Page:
Photos: Kieran Chapman @wire_zine.
Josh Marsele – KOF – April 1989 from Kieran on Vimeo.
Yesterday the sad news, New England flatland legend Josh Marsele aged 48 has passed away broke online. Josh’s name and riding talent first came to my attention in my ‘zine swapping days in the late 80’s early 90’s, and particularly Kieran Chapman’s Radazine and Wire creations that did a fantastic job of documenting the N.E progressive flatland and ramp riding scene.
Josh was also one of those riders that broke out of the thriving New England flatland scene, and competed all over the states in the AFA Masters series, and even became year end champion in his class in 1989. (Those classes were stayed back then, that is not an easy achievement!).
I will dig out some contest footage below as well as some photos, as we pay tribute to this amazing rider. Thank you for all the inspiration you personally gave me through the late 80’s and 90’s.
Rest in peace, Josh Marsele.
Condolences to all of Josh’s family, friends, and the New England flatland scene.
Effraim Catlow / Flatmattersonline.
Josh Marsele – KOF – October 1988 from Kieran on Vimeo.
Scott Denoncourt kindly sent in this tribute that I will share with you all….
“Joshua P. Marsele, 48, of Bristol, died on Tuesday (January 19, 2021) ending his battle with an ailment that caused him intense chronic pain and severely limited his mobility. Josh was born in Bristol on February 14, 1972 and was a son of Joan (Beger) Barney of Bristol and the late James F. Marsele.
A lifelong Bristol resident, he graduated from Bristol Central High School Class of 1990. He worked as a graphic computer artist, a medical assistant for kids and the elderly, and for 14 years as a high-voltage lineman for Eversource.
He was a loving son, brother, and doting father to his cats Applejack and Buster. His loved ones will remember him as a charismatic, creative, passionate, funny, mischievous, vibrant, generous, and accomplished individual with a singular sense of style, a soft spot for animals, and a penchant for kayaking. His true passion was BMX flatland freestyle riding (search YouTube: Axlepeg BMX) and he was the 1989 American Freestyle Association Masters Champion.
In addition to his mother, Josh is survived by two sisters: Julie Marsele-Cusson of Naples, FL, and Hayley Varhol of Philadelphia, PA; a niece, Chloe Cusson; a nephew, Kyle Cusson; his stepfather, Stephen R. Varhol, as well as many aunts, uncles and cousins.
A walk-through visitation will be held at Funk Funeral Home, 35 Bellevue Ave., Bristol, on Saturday, February 6, 2021, between 1 and 3 PM. In lieu of flowers, memorial donations may be made to the Friends of Bristol Parks and Recreation Fund.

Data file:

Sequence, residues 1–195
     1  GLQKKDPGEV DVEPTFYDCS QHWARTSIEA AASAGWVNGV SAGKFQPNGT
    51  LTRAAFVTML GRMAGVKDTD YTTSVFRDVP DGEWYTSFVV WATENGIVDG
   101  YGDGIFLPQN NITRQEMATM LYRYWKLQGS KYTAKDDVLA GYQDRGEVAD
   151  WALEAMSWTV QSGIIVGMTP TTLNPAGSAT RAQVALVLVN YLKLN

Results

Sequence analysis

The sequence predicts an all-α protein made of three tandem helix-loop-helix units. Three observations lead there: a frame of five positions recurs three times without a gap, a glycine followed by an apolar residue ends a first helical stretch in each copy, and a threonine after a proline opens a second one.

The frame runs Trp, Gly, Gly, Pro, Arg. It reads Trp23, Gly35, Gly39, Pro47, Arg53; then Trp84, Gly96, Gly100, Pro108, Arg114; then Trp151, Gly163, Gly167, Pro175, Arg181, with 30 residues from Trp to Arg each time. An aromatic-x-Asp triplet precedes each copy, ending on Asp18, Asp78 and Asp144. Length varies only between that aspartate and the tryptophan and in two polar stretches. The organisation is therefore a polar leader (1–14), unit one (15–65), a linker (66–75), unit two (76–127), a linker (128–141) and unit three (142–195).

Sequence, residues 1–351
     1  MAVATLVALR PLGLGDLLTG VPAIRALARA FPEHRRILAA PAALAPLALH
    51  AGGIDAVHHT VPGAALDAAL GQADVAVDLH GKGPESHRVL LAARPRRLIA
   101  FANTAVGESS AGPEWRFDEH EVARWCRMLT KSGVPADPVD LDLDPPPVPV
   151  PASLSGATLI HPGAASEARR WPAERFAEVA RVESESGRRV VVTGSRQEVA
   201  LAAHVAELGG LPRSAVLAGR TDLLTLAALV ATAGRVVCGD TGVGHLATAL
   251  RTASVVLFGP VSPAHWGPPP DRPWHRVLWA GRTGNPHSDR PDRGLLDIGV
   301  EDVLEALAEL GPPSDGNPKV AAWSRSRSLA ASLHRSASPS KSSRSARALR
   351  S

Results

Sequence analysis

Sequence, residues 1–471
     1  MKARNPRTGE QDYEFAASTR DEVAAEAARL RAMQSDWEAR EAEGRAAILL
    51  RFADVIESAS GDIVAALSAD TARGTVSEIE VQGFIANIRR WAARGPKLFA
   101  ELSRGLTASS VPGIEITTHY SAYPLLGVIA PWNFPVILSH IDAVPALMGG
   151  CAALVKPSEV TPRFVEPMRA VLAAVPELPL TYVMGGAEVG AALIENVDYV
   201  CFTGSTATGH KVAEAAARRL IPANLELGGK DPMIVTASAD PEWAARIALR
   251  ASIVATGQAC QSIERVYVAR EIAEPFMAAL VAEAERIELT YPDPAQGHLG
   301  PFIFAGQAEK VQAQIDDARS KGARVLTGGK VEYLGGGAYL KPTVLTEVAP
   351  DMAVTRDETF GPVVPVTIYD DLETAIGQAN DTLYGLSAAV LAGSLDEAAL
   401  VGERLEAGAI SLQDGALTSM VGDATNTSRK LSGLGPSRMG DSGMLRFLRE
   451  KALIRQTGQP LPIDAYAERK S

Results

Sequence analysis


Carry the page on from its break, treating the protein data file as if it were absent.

Please visit Josh’s memorial website at:
God bless him. 🙁
wow what a talent, i would like to be able to ride smiling on contest like him,
r i p
Yes Romulo, Josh was definitely ahead of the curve dusting that time period. I remember seeing the videos and zines from the New England scene and being astonished at all the new moves they were doing in the contests with raditude to boot. Dialled!
Its a sad loss. R.I.P. Josh Marsele.
Josh’s sister, here. Thanks so much for spreading the word to a community that meant so, so much to him. He never stopped trading, selling, and building the BMX bikes of his dreams, and even though his body was wrecked, he rode as long as he possibly could. I’m so glad to see these pics and videos, and to hear someone call him a “legend.” He was always a legend to me, of course, but I thought that was just because he was my big brother.
Thanks for the well-wishes, y’all. Dream big, and ride as long and as hard as you can.
And if you have digital media or memories of Josh you would like to share with the family, please reach out.
God bless you Hayley!
Thanks so much for reaching out, Josh’s riding inspired me a lot and I know others whether New England or via the AFA masters, or tasing zines worldwide. I always find posting this kind of news the hardest to do.
Kieran Chapman would be the best to contact, he I would imagine has a whole archive of Josh growing up riding.
Josh was so dialed – I was lucky enough to see most of Josh’s runs in person – he rode with total confidence under pressure and had fun doing it. Not many (then or now) can do that. When Josh, Joe P., and Brandon Cole showed up from Bristol on their pink and white Diamond Back Strike Zones, they meant business!! Great memories, and such a sad loss.
Rest In Peace fellow rider.